Runes, Myrtle, and Morris in Cheshire

I have not posted in a while partly because I am rather busy and have been concentrating on research and teaching, all the wile having a job in order to maintain funds. While I do a lot of complaining about this, mostly when funds or sleeps are low. Its a been a really rewarding couple of terms and (as I am always having to remind myself) I have a pretty cool life.

However, this has meant I have not really traveled much, so feel that I have nothing to update about. However, during the Easter break I went to several conferences and on a couple research trips around the British isles. First stop Chester:



Chester is a lovely town that is very similar to York. It was a Roman settlement, has city walls, a cathedral and a lot of Victorian Medieval revival shop fronts. Unfortunately, I did not have enough time in the city to walk the walls.


I did see the Shrine of Minerva- a rare surviving Roman shrine.

RMMC034And a bit of the amphitheatre.

RMMC033Here you can see the amphitheatre and St. Johns. The stone in Chester is all of this reddish hue, which makes it very different from the churches around Yorkshire.

RMMC003RMMC002St Johns has some lovely ruins attached to the North end.

RMMC006And some lovely wall painting.

RMMC001But most importantly some early medieval stone fragments. Which is what this trip was all about. I should probably put in a warning now that there will be quite a lot of stone fragments in this post (much like many of my posts).

Following the first day of papers, a brilliant keynote in St. Johns and a morning of papers. The RMMC Network  went on a trip up the Wirral, which is an Anglo-Saxon place name meaning myrtle-corner, as it used to be over run with bog-myrtle. It was then settled by Vikings. And according to legend it is where Sir Gawain spent Christmas before meeting the Green Night.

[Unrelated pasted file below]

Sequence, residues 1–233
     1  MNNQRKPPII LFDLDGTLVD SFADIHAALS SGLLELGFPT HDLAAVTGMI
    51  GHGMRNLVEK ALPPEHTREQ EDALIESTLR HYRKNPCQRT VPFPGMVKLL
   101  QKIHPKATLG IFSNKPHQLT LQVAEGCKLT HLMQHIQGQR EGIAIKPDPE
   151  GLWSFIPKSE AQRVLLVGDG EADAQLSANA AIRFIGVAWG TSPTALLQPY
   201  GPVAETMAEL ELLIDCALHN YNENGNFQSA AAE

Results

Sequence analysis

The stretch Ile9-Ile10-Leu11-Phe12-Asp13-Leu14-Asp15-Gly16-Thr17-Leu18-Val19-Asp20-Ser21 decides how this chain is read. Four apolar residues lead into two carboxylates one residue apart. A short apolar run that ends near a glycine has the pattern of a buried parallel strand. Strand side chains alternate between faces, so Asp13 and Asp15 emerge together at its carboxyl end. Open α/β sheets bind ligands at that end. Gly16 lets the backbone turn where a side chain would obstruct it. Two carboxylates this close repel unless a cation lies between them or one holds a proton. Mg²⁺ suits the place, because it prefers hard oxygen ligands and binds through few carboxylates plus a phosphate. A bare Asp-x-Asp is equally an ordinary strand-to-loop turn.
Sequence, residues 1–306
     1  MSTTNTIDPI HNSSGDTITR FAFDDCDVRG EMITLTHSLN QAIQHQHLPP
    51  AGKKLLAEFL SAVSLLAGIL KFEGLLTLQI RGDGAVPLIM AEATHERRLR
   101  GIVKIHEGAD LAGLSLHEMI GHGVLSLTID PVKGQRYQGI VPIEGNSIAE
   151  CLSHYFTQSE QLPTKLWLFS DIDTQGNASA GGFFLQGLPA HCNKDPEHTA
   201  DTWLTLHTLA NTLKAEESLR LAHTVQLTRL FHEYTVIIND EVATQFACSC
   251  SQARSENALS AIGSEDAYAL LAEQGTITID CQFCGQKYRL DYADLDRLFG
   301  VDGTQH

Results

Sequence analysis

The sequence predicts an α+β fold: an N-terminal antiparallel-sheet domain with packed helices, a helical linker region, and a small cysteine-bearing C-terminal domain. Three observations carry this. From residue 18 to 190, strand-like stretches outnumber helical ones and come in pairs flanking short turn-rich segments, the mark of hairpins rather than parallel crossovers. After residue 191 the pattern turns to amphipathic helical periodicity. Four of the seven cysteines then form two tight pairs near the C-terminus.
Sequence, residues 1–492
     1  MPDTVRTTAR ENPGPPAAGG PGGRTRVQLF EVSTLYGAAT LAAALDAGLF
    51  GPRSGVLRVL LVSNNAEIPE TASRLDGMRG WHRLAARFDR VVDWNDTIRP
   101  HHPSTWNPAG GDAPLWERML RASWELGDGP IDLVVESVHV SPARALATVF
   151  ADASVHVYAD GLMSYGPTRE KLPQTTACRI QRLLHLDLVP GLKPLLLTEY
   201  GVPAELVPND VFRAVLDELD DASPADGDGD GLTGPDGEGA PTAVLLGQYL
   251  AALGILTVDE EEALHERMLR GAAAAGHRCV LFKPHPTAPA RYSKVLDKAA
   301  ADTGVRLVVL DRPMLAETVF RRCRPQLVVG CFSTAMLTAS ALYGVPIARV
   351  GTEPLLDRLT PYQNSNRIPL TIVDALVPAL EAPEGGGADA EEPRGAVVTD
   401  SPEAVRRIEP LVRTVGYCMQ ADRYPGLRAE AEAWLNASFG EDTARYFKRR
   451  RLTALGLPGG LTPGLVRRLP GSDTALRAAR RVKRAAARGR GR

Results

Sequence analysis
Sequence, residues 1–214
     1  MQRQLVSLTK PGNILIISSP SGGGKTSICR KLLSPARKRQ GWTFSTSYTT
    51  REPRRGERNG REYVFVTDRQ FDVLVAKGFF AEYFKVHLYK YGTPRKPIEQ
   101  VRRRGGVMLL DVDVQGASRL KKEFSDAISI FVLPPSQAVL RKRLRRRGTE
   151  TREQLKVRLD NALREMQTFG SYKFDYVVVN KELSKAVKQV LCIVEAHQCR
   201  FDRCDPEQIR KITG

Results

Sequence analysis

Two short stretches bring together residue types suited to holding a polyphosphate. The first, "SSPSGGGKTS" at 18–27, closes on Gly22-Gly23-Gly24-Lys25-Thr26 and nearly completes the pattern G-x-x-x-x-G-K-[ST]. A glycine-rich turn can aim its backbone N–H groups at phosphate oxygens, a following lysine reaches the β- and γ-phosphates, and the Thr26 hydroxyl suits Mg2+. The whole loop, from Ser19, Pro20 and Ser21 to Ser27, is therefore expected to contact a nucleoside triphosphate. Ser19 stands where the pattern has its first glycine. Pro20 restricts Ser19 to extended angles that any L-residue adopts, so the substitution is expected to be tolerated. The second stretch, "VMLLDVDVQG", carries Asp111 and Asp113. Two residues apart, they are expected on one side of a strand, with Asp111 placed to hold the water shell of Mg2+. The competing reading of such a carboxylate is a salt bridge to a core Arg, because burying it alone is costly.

The first stop was St Mary’s and St Helen’s Church, Neston.



They also have a stone that has been reconstructed to laser precision and painted (by the lovely Jo, who organized the conference and trip!)


RMMC021I think this is really cool as it is thought most early stone sculpture would have been painted, and while we can never recreate exactly how it would have looked, this sort of exercise on shows how striking they can look.


Neston also has some amazing Victorian stained glass, this window is by Burn-Jones.




While these are by Morris and Co. Very much a treat location that contained two of my favourites the Pre-Raphelites and the Early Medieval. Plus on the drive to here I was able to see Wales from the coach.



The next stop was St Briget’s Church, West Kirby where we were also shown into the new Charles Dawson Museum. The Church has a hogback and as it was just after Easter it had a display of Christ empty tomb (there sere several of these on the trip).





The Museum, with a smell of fresh paint had a brilliant display of some of the fragments found at the church some early, some less so. The stone crosses made for contain a cross fragment, I think are absolutely inspired. It gives the fragments an appropriate context without distracting from the extant fragments.

67586_10100484877538933_1082553758_n(Photo by Joe)

And here we all are. After this church we went back to Chester, but the next morning a smaller group set of for a trip up through Cumbria to see seven more churches, all containing Early Medieval Sculpture which I will post pictures of later this week.




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